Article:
Charlotte’s Web Review

Wilbur (Kay) is a runt. His mother cannot feed the whole litter, so his life expectancy is short until Fern (Fanning) begs for his life and promises to bring him up. Fern and Wilbur form a very special bond, with Fern hand-feeding him, wheeling him about in a pram, sleeping with him and generally treating him like a cute porcine doll. However, as Wilbur grows, its clear that he can no longer live in the house like a pet and he is moved over the road to Fern’s uncle’s farm.

Wilbur misses Fern, though she visits every day after school. The other animals are quite standoffish and Wilbur has no one to play with until he meets Charlotte (Roberts), the spider who lives in the rafters. The two outsiders form a bond that is tested when the other animals reveal that Wilbur’s days are numbered; if a miracle is what is needed, then Charlotte will provide one. She spins words into her web to convince Zuckerman that Wilbur is no ordinary pig and worth saving.

Based on the beloved novel by E.B. White, it seems surprising that, after Babe, its taken so long for a live action version of Charlotte’s Web to come to the screen. It employs the same technology as Babe, with a mixture of real, animatronic, and CG animals, coupled with a fantastic array of vocal talent, to bring the barn to life. Among the stars: Steve Buscemi as Templeton the rat, Oprah Winfey and Cedric the Entertainer as Gussy and Golly the geese, John Cleese as Samuel, leader of the sheep, Robert Redford (!) as Ike the horse, Kathy Bates and Reba McEntire as Bitsy and Betsy the cows and Thomas Hayden Church and Andre Benjamin as new characters, the crows Brooks and Elwyn.

The sterling voice cast aquit themselves admirably and the effects are seamless, so that after the first five minutes there doesn’t seem to be anything strange about talking animals. (This may seem obvious to younger viewers, but I remember only too well the hideous disappointment that was the BBC’s animatronic Aslan, and that wasn’t that long ago.)The characterisation of the animals is very funny; with so many species sharing the barn they bicker constantly, pick on Templeton, tease Wilbur. But the heart of the story is the relationship between Wilbur and Charlotte, and their deep and abiding loyalty. Spiders are potentially creepy, which the film acknowledges by making Ike arachnophobic, and Roberts’ warm tones really help to bring Charlotte to life. She has also been anthropomorphised, and is actually very pretty.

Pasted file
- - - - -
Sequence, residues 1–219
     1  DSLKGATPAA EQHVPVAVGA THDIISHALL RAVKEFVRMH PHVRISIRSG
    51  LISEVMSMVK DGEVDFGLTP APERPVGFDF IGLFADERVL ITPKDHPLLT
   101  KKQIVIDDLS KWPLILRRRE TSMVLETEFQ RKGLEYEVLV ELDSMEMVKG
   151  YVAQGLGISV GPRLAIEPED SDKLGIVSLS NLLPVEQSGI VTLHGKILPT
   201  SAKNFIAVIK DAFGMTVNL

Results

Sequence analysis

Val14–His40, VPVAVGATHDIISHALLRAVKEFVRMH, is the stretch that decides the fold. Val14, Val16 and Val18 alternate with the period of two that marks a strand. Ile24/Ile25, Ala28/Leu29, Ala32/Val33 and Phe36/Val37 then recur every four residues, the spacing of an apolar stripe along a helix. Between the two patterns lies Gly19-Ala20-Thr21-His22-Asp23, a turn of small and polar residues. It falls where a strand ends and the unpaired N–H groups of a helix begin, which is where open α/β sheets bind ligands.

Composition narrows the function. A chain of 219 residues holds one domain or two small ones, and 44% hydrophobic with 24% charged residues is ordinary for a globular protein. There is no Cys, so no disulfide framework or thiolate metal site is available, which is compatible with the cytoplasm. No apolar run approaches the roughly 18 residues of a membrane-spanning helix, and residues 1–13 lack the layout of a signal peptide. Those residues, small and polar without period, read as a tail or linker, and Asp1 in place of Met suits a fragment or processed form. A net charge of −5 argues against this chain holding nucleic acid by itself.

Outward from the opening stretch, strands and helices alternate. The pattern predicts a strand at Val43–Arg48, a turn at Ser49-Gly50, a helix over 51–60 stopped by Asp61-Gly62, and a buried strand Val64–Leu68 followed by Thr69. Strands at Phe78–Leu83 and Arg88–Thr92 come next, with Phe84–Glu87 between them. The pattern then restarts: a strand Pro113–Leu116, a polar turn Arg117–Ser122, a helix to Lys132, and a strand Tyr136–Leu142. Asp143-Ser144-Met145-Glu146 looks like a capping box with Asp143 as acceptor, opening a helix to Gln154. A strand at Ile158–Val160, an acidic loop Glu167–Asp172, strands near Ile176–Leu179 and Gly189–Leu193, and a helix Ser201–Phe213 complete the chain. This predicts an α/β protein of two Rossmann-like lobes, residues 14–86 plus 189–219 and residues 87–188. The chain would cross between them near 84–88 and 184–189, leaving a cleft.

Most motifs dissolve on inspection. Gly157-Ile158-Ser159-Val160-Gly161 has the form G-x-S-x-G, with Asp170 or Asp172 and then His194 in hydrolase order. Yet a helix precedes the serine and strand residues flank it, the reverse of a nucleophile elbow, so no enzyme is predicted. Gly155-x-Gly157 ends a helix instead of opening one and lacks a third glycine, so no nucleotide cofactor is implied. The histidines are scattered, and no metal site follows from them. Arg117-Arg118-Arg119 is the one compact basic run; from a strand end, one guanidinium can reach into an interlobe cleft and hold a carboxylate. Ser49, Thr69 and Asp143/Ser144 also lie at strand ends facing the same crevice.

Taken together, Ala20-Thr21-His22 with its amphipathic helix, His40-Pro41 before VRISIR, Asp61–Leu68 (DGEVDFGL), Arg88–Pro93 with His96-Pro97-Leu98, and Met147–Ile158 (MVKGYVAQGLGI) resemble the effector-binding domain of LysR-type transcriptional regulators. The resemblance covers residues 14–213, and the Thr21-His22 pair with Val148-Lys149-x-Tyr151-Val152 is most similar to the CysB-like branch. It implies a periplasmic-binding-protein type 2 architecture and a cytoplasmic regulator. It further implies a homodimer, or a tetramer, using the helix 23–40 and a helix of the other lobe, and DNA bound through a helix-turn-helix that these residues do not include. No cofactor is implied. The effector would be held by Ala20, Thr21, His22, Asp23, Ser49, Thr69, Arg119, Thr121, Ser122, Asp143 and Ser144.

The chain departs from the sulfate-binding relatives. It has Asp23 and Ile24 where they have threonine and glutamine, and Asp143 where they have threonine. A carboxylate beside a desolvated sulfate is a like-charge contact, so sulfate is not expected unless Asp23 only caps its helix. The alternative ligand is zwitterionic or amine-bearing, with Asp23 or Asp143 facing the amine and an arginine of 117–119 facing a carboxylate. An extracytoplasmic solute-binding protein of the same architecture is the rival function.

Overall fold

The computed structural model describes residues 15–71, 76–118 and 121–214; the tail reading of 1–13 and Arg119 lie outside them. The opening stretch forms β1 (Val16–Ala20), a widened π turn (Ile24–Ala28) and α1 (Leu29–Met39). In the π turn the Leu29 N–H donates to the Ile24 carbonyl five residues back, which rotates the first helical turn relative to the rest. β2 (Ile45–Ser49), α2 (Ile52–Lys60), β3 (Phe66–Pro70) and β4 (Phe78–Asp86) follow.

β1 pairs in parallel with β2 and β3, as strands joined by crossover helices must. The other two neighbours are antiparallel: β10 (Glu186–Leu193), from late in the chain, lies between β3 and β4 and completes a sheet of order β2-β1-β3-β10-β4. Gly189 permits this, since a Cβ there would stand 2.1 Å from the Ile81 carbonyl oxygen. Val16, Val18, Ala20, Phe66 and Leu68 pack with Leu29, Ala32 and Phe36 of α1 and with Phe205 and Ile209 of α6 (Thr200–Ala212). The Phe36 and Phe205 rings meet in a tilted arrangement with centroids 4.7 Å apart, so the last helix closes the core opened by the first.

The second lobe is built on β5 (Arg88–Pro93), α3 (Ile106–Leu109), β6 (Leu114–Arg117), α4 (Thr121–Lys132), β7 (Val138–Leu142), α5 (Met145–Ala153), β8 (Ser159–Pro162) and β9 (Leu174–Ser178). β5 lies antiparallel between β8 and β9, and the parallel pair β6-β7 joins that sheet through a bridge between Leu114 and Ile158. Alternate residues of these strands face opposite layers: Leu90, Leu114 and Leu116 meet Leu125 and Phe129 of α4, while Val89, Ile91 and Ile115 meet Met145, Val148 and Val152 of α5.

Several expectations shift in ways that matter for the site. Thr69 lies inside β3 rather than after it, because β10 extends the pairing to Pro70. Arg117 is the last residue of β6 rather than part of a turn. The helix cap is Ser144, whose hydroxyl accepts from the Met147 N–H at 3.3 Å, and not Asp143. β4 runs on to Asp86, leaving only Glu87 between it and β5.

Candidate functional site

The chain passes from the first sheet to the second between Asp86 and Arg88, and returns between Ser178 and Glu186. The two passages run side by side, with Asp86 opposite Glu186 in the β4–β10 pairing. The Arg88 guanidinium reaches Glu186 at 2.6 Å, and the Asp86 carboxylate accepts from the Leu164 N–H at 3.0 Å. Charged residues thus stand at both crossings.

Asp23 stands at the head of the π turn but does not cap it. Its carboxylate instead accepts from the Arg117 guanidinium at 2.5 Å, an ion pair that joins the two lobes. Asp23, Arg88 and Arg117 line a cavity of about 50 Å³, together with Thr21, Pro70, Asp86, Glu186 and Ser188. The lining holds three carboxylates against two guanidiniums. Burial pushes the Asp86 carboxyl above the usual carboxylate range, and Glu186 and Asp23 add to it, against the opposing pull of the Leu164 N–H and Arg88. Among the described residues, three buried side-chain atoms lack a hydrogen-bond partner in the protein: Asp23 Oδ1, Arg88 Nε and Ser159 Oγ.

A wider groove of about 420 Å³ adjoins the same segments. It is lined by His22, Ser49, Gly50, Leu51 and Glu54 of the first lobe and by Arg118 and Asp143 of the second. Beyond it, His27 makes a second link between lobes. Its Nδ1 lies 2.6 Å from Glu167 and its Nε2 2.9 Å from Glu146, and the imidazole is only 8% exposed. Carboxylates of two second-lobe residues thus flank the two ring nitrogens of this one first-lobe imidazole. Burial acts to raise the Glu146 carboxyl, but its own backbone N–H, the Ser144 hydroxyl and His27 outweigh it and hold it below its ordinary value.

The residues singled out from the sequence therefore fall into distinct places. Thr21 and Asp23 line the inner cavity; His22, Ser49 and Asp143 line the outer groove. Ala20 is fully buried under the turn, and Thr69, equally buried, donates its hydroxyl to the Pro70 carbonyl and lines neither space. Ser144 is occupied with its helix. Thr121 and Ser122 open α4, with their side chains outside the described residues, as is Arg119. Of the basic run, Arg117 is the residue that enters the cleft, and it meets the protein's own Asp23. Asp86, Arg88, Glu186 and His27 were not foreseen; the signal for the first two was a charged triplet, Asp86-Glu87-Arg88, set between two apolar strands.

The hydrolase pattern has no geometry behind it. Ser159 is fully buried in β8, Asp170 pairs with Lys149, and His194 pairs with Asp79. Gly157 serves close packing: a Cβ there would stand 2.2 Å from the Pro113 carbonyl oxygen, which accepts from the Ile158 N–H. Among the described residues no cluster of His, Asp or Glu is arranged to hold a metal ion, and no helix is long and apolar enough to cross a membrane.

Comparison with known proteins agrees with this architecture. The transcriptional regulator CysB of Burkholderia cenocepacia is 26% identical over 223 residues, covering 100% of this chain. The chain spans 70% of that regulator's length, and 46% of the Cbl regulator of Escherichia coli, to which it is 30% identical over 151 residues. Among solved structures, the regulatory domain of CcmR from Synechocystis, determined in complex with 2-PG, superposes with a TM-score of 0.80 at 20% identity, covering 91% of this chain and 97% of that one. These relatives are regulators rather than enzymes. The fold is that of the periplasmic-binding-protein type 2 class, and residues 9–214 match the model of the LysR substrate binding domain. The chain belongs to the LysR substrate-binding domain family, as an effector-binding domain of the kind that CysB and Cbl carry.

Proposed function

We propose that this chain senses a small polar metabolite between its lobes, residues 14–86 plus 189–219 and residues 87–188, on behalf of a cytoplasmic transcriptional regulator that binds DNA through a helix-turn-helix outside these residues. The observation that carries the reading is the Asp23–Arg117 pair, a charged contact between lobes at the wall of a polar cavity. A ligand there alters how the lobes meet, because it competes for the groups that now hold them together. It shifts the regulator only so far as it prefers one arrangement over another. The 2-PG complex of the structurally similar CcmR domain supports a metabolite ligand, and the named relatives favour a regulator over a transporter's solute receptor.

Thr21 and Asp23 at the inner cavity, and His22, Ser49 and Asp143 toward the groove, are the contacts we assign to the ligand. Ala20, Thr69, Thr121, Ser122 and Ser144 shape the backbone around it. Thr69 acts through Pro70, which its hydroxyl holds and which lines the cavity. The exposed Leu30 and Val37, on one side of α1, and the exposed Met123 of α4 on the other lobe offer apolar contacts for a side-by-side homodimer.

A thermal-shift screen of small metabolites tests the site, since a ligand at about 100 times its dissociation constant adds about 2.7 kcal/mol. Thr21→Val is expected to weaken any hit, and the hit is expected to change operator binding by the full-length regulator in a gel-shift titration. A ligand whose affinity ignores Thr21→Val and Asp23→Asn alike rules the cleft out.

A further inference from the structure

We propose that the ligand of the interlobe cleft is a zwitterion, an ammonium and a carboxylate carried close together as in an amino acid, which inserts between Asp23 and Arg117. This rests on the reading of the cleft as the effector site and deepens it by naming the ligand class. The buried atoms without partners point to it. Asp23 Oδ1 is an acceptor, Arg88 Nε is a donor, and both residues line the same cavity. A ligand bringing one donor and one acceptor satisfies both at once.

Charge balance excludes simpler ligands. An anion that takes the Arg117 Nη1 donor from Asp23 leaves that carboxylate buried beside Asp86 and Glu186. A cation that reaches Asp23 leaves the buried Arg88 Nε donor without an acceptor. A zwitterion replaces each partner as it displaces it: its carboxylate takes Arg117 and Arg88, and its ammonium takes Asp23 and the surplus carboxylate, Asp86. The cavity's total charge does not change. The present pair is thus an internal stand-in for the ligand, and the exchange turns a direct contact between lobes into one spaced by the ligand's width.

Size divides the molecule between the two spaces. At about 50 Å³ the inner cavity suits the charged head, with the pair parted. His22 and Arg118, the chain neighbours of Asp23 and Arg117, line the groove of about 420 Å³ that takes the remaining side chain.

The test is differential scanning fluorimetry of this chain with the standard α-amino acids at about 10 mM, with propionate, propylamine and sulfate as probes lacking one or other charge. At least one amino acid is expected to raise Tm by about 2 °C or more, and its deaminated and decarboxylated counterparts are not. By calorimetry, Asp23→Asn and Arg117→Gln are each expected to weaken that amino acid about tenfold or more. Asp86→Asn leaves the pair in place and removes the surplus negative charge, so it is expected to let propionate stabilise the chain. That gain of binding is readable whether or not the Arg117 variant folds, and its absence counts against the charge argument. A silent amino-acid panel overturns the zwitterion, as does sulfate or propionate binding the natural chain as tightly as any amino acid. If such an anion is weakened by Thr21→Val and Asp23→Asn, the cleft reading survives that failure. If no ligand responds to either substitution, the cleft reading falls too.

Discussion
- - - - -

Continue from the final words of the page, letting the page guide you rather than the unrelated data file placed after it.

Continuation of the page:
There are some beautiful cinematic moments – Charlotte’s web-making is just lovely – as is a long tracking shot where the camera follows Templeton into his lair, and the opening transition from animated title sequence to libve action is also very well handled. The story is really very similar to Babe, in that in both the young pig has to find a way of proving that he alone of his kind is special. Babe succeeded by having nice manners; Wilbur through the power of friendship (and by being, in turn, ‘some pig’, ‘terrific’, ‘radiant’ and finally, brilliantly, ‘humble’ – good lessons for us all). Charlotte’s Web is simply terrific family entertainment and a worthy cinematic adaptation of the classic book. If it doesn’t bring a tear to your eye… check your pulse.

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